For years, Possum Kingdom Lake has been known for its rough-cut cliffs and Hell’s Gate, the signature rock formation that emerges from the middle of the lake.
Known to the locals as simply “PK,” the lake is about 80 miles northwest of Fort Worth, drawing recreational enthusiasts from the Dallas-Fort Worth area as well as parts of West Texas and Oklahoma.
And the July Fourth weekend, highlighted by a fireworks show at Hell’s Gate which was held Saturday night, is the lake’s busiest time of the year.
But this year’s celebration could also commemorate PK’s firmly putting the devastating wildfires of six years ago and a devastating drought in the rear-view mirror.
“It’s as though the fires have never happened,” said real estate agent Jackie Fewell of Berkshire Hathaway Pondera Properties. “You really have to look hard to find any evidence of it.”
For Fewell, that’s means interest in lakefront real estate is booming.
Residential units sold have climbed this year 30 percent over the same time in 2016 and the median home price of $285,000 is up 21 percent, according to data provided by Fewell.
Despite the hordes of friends and families descending on the lake, the holiday weekend was exceptionally busy for real estate agents. Dee Dee Jordan, who works with Fewell, started showing homes on Thursday and said she was booked all through the weekend.
At Possum Kingdom, the rebuilding of destroyed homes started immediately after the April 2011 wildfires that, according to the Texas A&M Forest Service, were eighth-largest on record in the state. There was another round in August 2011 forcing some residents to again evacuate their homes.
The rush to rebuild was so strong that one homeowner actually called his builder before the structure caught fire just to be at the front of the line.
The rebuilt home and its Texas flag roof has served as symbol for those who live around the lake that PK was recovering, Fewell said.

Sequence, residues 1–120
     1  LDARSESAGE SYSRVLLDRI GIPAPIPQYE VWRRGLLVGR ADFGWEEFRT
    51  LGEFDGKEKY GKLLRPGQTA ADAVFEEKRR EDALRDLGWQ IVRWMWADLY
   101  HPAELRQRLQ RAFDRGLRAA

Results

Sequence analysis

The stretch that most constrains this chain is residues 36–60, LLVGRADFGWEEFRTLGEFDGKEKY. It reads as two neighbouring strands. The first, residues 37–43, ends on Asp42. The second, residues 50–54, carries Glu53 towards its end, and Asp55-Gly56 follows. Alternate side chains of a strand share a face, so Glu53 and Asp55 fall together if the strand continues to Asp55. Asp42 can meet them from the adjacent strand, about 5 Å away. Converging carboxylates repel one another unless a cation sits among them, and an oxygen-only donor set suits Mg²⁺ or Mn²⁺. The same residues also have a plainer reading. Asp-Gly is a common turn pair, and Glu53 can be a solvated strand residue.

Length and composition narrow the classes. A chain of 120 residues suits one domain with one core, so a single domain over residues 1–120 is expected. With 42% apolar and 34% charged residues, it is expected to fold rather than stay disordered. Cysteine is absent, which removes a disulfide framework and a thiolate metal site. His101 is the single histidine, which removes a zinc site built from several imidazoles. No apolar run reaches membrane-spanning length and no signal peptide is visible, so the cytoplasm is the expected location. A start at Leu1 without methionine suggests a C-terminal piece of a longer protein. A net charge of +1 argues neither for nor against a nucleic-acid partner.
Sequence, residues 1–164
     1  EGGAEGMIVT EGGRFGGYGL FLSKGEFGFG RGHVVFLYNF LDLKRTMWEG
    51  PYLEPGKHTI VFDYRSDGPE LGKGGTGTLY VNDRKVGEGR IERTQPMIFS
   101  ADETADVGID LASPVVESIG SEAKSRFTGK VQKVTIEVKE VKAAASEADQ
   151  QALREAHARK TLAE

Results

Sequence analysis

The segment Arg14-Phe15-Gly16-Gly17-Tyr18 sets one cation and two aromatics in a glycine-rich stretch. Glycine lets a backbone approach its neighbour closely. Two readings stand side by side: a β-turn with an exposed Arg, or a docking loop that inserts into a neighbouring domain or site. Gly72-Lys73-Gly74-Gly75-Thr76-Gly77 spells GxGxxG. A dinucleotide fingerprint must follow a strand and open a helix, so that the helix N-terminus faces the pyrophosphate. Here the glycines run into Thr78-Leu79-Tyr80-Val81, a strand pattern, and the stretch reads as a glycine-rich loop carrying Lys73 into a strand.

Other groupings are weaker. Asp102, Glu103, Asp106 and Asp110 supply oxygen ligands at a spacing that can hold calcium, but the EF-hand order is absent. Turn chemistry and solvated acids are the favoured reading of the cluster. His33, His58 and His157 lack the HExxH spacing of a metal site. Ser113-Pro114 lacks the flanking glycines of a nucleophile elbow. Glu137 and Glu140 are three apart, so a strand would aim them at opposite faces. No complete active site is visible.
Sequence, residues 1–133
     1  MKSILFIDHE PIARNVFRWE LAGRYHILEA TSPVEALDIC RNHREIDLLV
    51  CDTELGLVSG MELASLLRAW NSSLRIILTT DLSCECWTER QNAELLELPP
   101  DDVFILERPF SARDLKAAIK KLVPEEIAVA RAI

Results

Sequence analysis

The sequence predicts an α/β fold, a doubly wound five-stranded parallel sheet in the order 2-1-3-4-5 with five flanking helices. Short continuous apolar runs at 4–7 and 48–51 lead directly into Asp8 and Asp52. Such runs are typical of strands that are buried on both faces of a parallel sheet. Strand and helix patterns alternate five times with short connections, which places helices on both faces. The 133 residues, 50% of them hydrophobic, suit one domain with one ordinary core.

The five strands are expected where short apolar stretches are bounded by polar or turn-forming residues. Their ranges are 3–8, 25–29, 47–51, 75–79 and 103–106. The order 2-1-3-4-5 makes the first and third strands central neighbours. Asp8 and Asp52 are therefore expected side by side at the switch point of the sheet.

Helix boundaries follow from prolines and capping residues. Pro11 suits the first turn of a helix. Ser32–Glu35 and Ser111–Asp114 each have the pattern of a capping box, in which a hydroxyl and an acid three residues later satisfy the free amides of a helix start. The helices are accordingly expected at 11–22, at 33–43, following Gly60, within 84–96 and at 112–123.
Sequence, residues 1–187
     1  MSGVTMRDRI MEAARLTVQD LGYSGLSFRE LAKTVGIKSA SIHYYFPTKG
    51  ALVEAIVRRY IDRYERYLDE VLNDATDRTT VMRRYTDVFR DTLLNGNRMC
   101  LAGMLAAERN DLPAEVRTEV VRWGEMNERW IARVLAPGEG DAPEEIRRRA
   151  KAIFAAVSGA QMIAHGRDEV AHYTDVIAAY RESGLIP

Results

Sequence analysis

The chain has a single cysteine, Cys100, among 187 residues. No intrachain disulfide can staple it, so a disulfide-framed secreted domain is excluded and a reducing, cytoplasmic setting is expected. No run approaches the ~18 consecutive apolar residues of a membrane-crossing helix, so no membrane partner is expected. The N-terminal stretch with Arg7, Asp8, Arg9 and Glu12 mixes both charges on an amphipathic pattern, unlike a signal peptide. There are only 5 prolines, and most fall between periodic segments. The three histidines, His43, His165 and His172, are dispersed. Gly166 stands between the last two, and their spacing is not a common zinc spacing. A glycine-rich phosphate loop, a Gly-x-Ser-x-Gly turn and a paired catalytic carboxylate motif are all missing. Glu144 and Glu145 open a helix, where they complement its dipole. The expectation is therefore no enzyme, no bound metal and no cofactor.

The Palo Pinto Appraisal District said 88 of the 167 homes that were destroyed have been rebuilt. Most came back far larger. One 1,600-square-foot home was rebuilt to 4,800 square feet, while an 1,100-square-foot residence was replaced with a 3,700-square-foot home.
In 2010, the total market value for the 167 homes was $69 million. Immediately after the fire, that plunged to $30.6 million. This year, the preliminary value for those rebuilt homes has climbed to $77.6 million, though it will likely decrease after protests are heard, said Chuck Lyon, deputy chief appraiser.
By the appraisal district’s count, there are 3,345 homes on the water or near the lake. In 2011, the homes were collectively appraised at $1.05 billion; this year’s values, which are preliminary, have climbed to $1.4 billion, an increase of roughly $350 million, Lyon said.
During the April 2011 wildfires, Fewell and her fellow Pondera agents gained notoriety when they became one of the main news sources about the fire’s path of destruction. For much of the fires, she was evacuated to a Mineral Wells motel room, where Fewell and her colleagues posted information on the company’s website.